One of the ‘mottos’ of the diocese is that they are a resurrection community. This was truly exemplified at this year’s convention. Participants traveled from all over the diocese to attend; an expansive geography including mountains, desert, city and farming communities. Participants were still eager to make new connections and hear of new resources, but there was a context from which their questions (and answers) came from. They were no longer in the dark or wandering in the wilderness. Female clergy were noticeably present, as were deacons and members of the LGBT community – something that would not have occurred under the former regime (who are now part of the Anglican Province of Uganda).

They recognize their mission of serving Christ in the world – a mission of love for all people that was truly exhibited as they gathered as a diocesan family:

  • We are a resurrection community dedicated to living out our Baptisimal Covenant by:
  • Worshipping at the common table where all are fed, spiritually, physically, emotionally, and intellectually.
  • Intentionally welcoming, incorporating, and affirming all God’s people.
  • Honoring, developing, and celebrating the unique ministry of all the baptized.
  • Being the heart, hands, and feet of Christ in the world.

Convention concluded (before the last workshop and another meal) with Eucharist. The church was full as everyone’s voices were lifted in song. Clergy vested and processed . . . so many more than 2 years ago. The Rev. Canon Dr. Gregory Straub, Executive Officer and Secretary of General Convention preached on the readings for the day. Citing the Old Testament reading from Exodus, Canon Straub noted that the people of San Joaquin were no longer slaves in Egypt, but chose the hardship of wandering in the wilderness, following God’s pillar of fire by night and cloud by day, not knowing where they were being led. But following God led to new life as it continues to do so.

Leaving behind comfort to proclaim the Good News of Jesus Christ has brought this diocese to a new resurrection.

A Cry for Help

But the child’s sob in the silence curses deeper than the strong man in his wrath. Elizabeth Barrett Browning

It’s a troubling phenomenon: several gay teens have killed themselves in recent weeks after being harassed because of their sexuality. They were bullied. They were not accepted for who they were – children of God. As people of faith we are called to speak out against those who use their self-proclaimed power to intimidate, condemn, and belittle others. And it is important that we teach our children (of all ages) to respect others as Christ modeled in welcoming the stranger and embracing the outcast.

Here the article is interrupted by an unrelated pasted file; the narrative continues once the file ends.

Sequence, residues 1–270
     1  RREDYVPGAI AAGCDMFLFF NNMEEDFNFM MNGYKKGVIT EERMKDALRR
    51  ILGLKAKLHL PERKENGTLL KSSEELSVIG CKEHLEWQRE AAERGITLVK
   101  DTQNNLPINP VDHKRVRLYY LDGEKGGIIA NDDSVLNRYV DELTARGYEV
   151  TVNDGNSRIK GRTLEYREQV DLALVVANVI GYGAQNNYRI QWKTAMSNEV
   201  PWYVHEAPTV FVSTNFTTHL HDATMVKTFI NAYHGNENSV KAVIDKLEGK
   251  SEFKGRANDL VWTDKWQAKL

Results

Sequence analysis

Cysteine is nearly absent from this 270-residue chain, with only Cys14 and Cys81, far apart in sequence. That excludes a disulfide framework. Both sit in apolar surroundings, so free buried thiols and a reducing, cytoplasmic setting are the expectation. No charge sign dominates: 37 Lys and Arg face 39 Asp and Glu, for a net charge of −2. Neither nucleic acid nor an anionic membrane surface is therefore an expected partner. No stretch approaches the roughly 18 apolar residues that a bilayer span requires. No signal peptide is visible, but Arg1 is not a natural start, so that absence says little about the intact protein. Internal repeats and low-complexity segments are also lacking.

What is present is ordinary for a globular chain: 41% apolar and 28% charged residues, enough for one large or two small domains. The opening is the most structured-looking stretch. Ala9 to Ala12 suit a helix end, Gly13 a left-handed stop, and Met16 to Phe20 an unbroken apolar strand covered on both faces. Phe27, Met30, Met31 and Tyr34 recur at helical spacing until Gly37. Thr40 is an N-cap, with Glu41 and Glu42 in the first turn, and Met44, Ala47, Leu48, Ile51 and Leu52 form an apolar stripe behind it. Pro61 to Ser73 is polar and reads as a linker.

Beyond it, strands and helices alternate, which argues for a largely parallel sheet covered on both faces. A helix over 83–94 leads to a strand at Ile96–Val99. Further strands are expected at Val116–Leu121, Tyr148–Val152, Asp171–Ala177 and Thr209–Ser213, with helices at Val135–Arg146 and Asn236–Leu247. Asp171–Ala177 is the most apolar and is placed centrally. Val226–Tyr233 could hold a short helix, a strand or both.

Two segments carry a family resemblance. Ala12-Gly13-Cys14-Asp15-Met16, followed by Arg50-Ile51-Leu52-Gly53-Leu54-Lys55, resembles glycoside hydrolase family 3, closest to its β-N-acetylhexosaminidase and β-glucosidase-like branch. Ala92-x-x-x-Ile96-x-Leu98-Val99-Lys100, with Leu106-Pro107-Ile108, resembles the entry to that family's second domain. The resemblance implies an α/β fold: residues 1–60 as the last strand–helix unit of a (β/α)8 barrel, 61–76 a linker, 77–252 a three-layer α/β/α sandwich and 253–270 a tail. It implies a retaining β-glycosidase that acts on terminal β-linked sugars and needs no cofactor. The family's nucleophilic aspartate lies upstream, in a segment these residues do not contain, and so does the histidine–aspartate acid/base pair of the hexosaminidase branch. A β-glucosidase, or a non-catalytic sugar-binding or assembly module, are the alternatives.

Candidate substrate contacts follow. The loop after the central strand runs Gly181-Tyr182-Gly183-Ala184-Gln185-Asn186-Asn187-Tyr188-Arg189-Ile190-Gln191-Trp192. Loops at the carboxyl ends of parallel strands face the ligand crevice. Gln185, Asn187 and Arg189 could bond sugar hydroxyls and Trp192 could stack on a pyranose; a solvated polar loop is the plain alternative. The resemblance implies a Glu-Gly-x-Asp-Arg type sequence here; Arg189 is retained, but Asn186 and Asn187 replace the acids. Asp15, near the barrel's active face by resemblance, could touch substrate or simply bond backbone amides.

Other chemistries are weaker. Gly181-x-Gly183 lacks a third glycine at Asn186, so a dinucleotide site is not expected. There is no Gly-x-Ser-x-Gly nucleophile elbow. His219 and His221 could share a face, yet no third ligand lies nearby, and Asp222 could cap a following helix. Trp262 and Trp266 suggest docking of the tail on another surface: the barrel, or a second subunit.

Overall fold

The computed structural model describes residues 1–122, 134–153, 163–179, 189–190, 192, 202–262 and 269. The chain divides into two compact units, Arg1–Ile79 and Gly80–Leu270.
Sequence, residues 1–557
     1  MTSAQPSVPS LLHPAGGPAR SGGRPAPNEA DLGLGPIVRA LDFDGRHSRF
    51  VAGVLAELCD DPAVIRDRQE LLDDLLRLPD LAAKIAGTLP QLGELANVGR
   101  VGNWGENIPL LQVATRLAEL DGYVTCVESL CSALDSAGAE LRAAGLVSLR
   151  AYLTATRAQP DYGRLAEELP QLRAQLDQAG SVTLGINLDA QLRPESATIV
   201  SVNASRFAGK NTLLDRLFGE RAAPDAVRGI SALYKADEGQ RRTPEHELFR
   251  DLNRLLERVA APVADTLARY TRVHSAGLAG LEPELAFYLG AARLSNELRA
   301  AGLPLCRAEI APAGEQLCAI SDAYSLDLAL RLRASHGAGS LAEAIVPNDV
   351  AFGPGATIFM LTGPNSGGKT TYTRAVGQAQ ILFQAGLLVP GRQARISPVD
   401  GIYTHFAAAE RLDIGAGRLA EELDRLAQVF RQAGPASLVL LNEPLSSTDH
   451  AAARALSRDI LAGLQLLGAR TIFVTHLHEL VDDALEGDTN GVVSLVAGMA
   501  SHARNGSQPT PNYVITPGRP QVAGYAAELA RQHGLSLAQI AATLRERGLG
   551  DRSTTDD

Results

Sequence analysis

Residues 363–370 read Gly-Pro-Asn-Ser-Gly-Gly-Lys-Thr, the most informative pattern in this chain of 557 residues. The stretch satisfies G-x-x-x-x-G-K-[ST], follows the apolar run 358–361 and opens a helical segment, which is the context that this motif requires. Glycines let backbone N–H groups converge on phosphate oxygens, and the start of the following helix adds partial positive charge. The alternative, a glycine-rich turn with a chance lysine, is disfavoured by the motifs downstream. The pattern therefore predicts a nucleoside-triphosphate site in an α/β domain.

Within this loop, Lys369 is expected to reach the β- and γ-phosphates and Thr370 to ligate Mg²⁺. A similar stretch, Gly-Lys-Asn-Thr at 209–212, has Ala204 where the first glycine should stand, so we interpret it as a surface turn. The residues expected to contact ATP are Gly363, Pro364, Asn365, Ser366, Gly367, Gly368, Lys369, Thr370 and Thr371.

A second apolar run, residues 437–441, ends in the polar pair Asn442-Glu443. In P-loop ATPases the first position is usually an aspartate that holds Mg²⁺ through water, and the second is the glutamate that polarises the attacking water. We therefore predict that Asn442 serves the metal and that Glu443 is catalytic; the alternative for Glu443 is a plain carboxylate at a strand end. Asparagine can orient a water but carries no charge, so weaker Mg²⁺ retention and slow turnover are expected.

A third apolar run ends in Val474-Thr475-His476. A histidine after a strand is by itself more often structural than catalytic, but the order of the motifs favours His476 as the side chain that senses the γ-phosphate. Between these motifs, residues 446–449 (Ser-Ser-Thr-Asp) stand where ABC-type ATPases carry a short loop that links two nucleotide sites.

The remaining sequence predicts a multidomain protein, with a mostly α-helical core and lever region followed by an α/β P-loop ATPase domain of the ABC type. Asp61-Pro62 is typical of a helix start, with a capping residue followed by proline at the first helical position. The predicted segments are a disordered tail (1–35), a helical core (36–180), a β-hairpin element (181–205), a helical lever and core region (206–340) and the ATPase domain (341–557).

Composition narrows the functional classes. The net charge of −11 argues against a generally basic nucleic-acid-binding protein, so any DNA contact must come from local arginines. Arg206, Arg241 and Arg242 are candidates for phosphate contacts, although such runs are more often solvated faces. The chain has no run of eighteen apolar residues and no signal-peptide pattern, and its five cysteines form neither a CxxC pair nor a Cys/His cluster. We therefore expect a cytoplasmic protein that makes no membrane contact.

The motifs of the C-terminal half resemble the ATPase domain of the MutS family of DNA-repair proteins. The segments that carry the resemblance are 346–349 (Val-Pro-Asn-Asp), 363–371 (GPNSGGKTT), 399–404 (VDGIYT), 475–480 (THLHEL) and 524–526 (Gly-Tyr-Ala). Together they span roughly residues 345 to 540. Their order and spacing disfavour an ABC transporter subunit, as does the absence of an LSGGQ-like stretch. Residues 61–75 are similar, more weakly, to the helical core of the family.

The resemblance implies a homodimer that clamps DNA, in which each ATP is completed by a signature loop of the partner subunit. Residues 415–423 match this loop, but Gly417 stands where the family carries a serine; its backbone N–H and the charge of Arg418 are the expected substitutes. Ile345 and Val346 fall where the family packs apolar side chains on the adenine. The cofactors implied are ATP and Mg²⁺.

Our churches need to be safe places for adults, teens and children to learn how to practice tolerance; to understand our mission to respect the dignity of every human being. If the religious community can’t act and become a voice to all generations, we are just as guilty as those who cause the pain of others.

Some articles and resources to assist in the conversation. Don’t wait another day to begin the work. The lives of people (young and old) you know (and even more so, don’t know) depend on it.

Articles & Action:

Resources for Study and Conversation:

  • The documentary Bullied, produced by the Southern Poverty Law Center, will premiere today, Oct. 5, in Washington, D.C. Bullied tells the story of Jamie Nabozny, a Wisconsin student who fought back against anti-gay bullying. Kick off National Bullying Prevention Month by ordering your school’s free copy of Bullied here.
  • Download the Study Guide for Bullied, which gives a definition of bullying, how to identify someone who may be a victim, and how to assess your school (or church) environment.
  • The Trevor Project and It Gets Better website features video clips of LGBT adults sharing their own high school horror stories, while telling kids to stay alive because brighter days are coming. So far, there have been 131 videos posted and more than 300,000 views.
  • Bully Bust is a program to stand up to bullying and promote upstander behavior.
  • For the Bible Tells Me So is a film about the experiences of five very normal, very Christian, very American families – including those of former House Majority Leader Richard Gephardt and Episcopal Bishop Gene Robinson. Discover how insightful people of faith handle the realization of having a gay child. Informed by such respected voices as Bishop Desmond Tutu, Harvard’s Peter Gomes, Orthodox Rabbi Steve Greenberg and Reverend Jimmy Creech, A study guide is also available for further discussion.
  • Burst: Bullies and Mean Girls is a short-term study from Abingdon Press (United Methodist Church affiliation) for youth. It’s website also offers a variety of links including movies, books and other websites.
  • If You Really Knew Me is a program that began in July 2010 on Tuesday evenings on MTV. Yes – MTV. Watch the trailer to see how you might tap into this program with your youth.